VanEck Proposes 0.2% Fee for Ether ETF Following Partial Regulatory Win

VanEck Proposes 0.2% Fee for Ether ETF Following Partial Regulatory Win

Investment management firm VanEck has set a fee of
0.2% for its proposed spot ether exchange-traded fund (ETF), Reuters reported. This
announcement, detailed in a US Securities and Exchange Commission (SEC) filing,
comes at a time of significant regulatory advancements for cryptocurrency ETFs.

Paving the Way for Ether ETFs

Last month, the SEC approved applications from major
exchanges such as Nasdaq, CBOE, and NYSE to list ETFs tied to the price of
ether, the second-largest cryptocurrency by market capitalization. This
important approval could allow these products to begin trading by the end of
the year, offering new opportunities for investors.

VanEck is one of nine issuers, including notable names
like ARK Investments/21Shares and BlackRock, seeking to launch these Ether
ETFs. The competition in this sector highlights a growing interest in providing
investors with easier access to cryptocurrency investments without the direct
ownership and associated risks of holding cryptocurrencies like Ethereum.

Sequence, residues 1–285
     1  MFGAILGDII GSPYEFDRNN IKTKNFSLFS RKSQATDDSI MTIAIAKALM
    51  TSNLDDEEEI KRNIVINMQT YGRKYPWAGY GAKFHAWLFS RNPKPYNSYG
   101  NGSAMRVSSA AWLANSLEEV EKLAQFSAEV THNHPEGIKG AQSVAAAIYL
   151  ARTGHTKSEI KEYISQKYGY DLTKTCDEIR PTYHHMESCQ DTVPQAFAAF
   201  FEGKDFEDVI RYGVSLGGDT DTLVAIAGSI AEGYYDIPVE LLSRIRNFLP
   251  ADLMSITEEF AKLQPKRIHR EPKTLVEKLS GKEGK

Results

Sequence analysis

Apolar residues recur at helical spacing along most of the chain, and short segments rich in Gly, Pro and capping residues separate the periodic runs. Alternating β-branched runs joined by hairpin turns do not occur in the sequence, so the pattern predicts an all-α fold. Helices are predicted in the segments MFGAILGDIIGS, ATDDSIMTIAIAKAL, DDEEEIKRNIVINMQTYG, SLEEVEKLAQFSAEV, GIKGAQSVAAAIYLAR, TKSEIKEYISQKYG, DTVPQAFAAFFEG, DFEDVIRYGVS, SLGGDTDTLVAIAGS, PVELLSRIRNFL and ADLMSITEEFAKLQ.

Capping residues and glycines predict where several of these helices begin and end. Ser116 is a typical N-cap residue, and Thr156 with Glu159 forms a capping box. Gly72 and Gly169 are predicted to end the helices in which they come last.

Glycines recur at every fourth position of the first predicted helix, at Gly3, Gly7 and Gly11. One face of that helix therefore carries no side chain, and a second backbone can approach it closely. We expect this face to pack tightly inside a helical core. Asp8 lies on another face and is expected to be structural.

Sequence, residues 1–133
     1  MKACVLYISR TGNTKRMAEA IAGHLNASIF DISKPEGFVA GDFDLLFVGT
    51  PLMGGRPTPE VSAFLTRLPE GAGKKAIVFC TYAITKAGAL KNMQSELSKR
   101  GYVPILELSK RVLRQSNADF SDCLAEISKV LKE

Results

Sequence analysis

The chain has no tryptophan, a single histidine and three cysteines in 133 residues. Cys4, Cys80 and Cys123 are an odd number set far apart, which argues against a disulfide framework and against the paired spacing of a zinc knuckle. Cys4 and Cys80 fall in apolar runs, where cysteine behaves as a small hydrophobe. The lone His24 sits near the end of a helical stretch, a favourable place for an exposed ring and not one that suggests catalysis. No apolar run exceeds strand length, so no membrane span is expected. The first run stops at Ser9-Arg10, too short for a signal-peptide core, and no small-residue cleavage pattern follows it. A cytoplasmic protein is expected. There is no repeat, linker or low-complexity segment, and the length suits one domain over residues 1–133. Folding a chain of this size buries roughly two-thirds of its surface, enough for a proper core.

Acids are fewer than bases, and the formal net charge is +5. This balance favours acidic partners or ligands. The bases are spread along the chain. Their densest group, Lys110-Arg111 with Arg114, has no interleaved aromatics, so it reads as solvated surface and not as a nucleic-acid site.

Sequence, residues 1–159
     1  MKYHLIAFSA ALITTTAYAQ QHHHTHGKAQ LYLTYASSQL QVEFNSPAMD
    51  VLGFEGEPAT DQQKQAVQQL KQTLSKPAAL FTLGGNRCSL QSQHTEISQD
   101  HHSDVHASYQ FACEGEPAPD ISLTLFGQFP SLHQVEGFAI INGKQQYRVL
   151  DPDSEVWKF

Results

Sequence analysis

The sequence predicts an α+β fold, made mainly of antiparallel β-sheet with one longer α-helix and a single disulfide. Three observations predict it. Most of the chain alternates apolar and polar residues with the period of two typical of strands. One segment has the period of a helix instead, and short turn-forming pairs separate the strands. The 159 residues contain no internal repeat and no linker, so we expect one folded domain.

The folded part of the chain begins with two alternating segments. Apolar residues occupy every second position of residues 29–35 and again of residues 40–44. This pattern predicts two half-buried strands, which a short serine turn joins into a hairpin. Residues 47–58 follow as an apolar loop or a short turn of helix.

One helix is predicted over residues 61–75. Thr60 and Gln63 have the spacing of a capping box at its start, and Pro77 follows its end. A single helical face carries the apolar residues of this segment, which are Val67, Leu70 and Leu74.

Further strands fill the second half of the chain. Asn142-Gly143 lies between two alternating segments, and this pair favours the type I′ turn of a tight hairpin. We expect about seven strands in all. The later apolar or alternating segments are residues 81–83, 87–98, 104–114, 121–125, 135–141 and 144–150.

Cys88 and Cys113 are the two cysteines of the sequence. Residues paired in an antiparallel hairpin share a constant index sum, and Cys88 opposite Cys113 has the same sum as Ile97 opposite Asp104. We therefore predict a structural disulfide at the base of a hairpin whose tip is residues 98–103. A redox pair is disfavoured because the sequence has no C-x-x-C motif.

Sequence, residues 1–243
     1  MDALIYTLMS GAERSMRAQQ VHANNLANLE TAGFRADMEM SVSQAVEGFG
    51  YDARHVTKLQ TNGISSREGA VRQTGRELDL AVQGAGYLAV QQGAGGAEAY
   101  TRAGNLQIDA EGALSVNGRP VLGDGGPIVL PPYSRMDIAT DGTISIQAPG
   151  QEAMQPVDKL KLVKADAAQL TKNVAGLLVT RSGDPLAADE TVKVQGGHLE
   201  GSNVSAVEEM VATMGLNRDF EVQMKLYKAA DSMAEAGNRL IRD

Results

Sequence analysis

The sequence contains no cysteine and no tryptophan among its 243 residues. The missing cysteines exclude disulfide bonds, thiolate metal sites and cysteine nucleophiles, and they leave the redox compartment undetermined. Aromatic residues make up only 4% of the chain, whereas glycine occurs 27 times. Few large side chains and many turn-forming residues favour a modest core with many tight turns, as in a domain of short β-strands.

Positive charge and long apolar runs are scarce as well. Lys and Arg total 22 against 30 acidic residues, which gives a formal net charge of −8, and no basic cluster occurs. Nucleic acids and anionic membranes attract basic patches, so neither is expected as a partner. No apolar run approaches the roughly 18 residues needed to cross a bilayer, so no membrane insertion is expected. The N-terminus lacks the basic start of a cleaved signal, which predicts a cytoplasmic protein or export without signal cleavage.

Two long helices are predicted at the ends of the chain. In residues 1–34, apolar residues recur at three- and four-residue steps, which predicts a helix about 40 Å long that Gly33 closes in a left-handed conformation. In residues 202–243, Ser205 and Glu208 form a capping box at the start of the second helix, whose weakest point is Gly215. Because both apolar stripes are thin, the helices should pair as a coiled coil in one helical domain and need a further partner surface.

A spot ether ETF like the one proposed by VanEck
allows investors to gain exposure to ether’s price movements without managing and storing the digital assets themselves. This simplification
is expected to attract a broader range of investors seeking to avoid the
technical and security challenges of direct ownership of crypto.

Last year, VanEck entered the Ethereum blockchain
space after launching VanEck Ethereum Strategy ETF (EFUT). The company
mentioned that this fund, structured as a C-Corp, seeks to enhance how
investors could benefit from the future of Ethereum (ETH. EFUT focuses on ETH
futures contracts and offers investors an investment opportunity that
reportedly provides a tax advantage in the long term.

VanEck Ethereum Strategy ETF

Specifically, EFUT invests in standardized,
cash-settled ETH futures contracts traded on commodity exchanges registered
with the CFTC. Initially, the fund will focus on ETH futures traded on the
Chicago Mercantile Exchange.

Last month, the crypto industry achieved a significant
milestone when the SEC approved the listing of ether ETFs on American exchanges.
However, the agency has yet to approve trading of these assets, Finance
Magnates reported.

The regulator must approve the S-1 forms filed by potential fund issuers for these assets to be allowed to trade. The
S-1 registration forms contain detailed information about new securities to be
offered to the public. For ETFs, these forms include the fund’s structure,
management, and investment strategy, along with details on the methods of
tracking the performance of the underlying assets.

This article was written by Jared Kirui at

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